Nature and Artifice: Dutch and Flemish Landscape Prints

This display explores the subject of landscape in etchings and engravings made in the Netherlands during the first half of the 17th century. These are all drawn from the Barber Institute’s collection.

In the late 16th and early 17th century Netherlandish landscape settings were generally used primarily as the background for mythological or allegorical subjects. In later decades, tastes developed for more naturalistic, but still artfully constructed, views of the countryside. This shift is also reflected in, and was facilitated by, the changing graphic vocabulary, or mark making, of the artists, which became increasingly free, varied and expressive.

During the span of this display, the Dutch Republic in the north established political independence from the Spanish Netherlands in the south, but their respective artists shared a common heritage and a similar evolution of approach in depicting landscapes. With the decline of church and court commissions in the Protestant republic, landscape subjects became especially popular and numerous on the flourishing Dutch art market and thereby also helped to establish the fledgling nation’s cultural identity.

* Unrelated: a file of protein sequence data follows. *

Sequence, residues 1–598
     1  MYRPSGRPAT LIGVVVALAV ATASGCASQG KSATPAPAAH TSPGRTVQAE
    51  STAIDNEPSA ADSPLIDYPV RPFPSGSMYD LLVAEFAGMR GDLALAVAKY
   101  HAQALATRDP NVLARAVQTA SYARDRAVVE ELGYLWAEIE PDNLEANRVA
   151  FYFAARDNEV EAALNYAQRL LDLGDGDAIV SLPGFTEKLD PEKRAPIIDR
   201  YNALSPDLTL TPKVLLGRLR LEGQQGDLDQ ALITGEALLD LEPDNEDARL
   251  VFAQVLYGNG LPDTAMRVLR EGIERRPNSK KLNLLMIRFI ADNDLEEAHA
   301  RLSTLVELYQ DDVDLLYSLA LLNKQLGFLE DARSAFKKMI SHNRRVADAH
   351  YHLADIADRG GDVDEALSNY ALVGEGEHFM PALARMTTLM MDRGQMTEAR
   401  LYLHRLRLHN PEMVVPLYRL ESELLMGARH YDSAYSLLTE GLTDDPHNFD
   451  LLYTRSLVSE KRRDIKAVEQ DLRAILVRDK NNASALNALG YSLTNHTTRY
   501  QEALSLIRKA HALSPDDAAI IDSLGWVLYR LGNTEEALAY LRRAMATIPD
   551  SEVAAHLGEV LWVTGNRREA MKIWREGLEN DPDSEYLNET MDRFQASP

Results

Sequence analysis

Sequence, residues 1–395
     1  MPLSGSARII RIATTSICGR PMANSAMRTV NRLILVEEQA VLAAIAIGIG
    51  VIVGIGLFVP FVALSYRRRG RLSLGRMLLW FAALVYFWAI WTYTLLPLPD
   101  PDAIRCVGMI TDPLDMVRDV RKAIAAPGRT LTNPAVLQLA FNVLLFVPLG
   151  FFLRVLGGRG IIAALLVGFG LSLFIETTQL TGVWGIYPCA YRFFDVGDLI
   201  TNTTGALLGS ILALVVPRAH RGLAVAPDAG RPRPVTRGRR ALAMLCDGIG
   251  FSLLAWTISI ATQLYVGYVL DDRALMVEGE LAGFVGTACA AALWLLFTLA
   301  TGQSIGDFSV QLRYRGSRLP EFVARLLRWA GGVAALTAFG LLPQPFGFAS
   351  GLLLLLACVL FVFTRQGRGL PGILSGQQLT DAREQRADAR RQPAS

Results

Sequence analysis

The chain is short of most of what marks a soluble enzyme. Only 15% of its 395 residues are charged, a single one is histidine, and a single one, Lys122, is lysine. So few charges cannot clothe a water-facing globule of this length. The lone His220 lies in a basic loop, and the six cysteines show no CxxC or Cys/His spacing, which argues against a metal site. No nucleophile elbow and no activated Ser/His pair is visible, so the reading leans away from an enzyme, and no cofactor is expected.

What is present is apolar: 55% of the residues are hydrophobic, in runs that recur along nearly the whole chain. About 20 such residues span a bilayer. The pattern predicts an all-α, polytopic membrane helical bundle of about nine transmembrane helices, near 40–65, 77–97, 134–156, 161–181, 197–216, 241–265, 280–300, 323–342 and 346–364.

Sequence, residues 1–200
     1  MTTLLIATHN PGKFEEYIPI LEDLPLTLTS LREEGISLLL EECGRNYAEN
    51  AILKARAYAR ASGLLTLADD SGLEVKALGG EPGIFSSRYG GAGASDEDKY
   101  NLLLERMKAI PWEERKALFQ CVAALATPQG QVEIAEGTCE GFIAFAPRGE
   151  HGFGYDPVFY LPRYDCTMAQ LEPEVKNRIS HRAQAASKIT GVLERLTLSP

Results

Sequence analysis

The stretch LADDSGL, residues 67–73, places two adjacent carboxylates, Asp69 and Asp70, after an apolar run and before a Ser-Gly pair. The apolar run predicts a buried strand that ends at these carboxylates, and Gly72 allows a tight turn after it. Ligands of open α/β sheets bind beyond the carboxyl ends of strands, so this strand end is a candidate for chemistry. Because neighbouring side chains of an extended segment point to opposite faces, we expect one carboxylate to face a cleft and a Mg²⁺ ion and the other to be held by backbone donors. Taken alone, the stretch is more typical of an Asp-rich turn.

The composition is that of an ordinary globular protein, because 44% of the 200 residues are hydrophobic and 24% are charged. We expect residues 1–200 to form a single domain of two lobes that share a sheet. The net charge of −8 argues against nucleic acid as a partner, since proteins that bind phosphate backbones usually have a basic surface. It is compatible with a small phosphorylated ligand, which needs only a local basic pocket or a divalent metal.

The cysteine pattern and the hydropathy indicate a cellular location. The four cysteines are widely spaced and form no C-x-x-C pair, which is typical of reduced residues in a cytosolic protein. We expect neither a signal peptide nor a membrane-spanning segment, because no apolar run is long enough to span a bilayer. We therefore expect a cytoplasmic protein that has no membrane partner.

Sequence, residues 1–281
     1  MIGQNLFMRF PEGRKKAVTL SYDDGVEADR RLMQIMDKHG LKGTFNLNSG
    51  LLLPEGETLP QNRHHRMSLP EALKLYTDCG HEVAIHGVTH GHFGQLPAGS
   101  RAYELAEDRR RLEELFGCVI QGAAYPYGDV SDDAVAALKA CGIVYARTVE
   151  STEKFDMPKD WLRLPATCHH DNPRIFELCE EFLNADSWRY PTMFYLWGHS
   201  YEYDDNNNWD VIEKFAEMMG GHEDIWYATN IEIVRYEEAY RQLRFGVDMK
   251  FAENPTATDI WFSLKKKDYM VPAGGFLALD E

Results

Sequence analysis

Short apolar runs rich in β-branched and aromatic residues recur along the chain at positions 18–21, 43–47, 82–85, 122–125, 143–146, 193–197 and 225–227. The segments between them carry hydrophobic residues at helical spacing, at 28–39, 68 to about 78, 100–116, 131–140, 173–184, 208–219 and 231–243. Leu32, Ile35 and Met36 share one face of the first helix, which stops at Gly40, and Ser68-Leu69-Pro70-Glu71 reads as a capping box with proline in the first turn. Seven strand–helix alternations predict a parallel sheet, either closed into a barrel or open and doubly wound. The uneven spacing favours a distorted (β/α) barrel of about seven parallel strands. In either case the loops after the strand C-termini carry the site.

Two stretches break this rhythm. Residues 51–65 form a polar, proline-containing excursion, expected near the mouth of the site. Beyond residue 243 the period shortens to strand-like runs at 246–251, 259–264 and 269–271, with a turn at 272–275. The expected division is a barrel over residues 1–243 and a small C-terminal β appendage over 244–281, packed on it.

The popularity of evocations of the local Dutch landscape was partly a matter of national pride, and partly a product of the growing urban fashion for taking a walk in rural surroundings. While most of the landscapes here allude to the countryside of the Netherlands, others depict views from further afield, reflecting the widespread travel of artists in this period and the sophisticated tastes of some of their patrons. Also featured are scenes of rustic life in which animals and their human minders play a prominent role.

Display curated by Robert Wenley, Deputy Director: Collections and Research

Featured image: Latona and the Frogs by Magdalena van de Passe

6 April - 23 July 2023

Print bay display; free to visit.